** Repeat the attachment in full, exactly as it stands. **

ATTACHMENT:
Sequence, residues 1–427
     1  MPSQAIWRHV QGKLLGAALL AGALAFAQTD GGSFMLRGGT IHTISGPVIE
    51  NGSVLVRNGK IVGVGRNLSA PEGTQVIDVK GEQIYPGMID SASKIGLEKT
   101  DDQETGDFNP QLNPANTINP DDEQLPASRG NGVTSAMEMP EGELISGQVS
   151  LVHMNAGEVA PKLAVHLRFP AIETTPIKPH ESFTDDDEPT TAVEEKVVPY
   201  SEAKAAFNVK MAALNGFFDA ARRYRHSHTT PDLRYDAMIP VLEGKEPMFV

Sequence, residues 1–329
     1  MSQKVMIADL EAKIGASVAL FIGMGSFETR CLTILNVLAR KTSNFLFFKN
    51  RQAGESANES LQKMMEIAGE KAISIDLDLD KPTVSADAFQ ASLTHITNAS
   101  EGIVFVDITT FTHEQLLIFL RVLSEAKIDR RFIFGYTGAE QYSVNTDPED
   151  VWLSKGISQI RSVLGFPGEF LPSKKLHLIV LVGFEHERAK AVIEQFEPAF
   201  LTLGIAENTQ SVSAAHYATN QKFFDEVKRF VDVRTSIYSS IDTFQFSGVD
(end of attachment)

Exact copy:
Sequence, residues 1–427
     1  MPSQAIWRHV QGKLLGAALL AGALAFAQTD GGSFMLRGGT IHTISGPVIE
    51  NGSVLVRNGK IVGVGRNLSA PEGTQVIDVK GEQIYPGMID SASKIGLEKT
   101  DDQETGDFNP QLNPANTINP DDEQLPASRG NGVTSAMEMP EGELISGQVS
   151  LVHMNAGEVA PKLAVHLRFP AIETTPIKPH ESFTDDDEPT TAVEEKVVPY
   201  SEAKAAFNVK MAALNGFFDA ARRYRHSHTT PDLRYDAMIP VLEGKEPMFV

Sequence, residues 1–329
     1  MSQKVMIADL EAKIGASVAL FIGMGSFETR CLTILNVLAR KTSNFLFFKN
    51  RQAGESANES LQKMMEIAGE KAISIDLDLD KPTVSADAFQ ASLTHITNAS
   101  EGIVFVDITT FTHEQLLIFL RVLSEAKIDR RFIFGYTGAE QYSVNTDPED
   151  VWLSKGISQI RSVLGFPGEF LPSKKLHLIV LVGFEHERAK AVIEQFEPAF
   201  LTLGIAENTQ SVSAAHYATN QKFFDEVKRF VDVRTSIYSS IDTFQFSGVD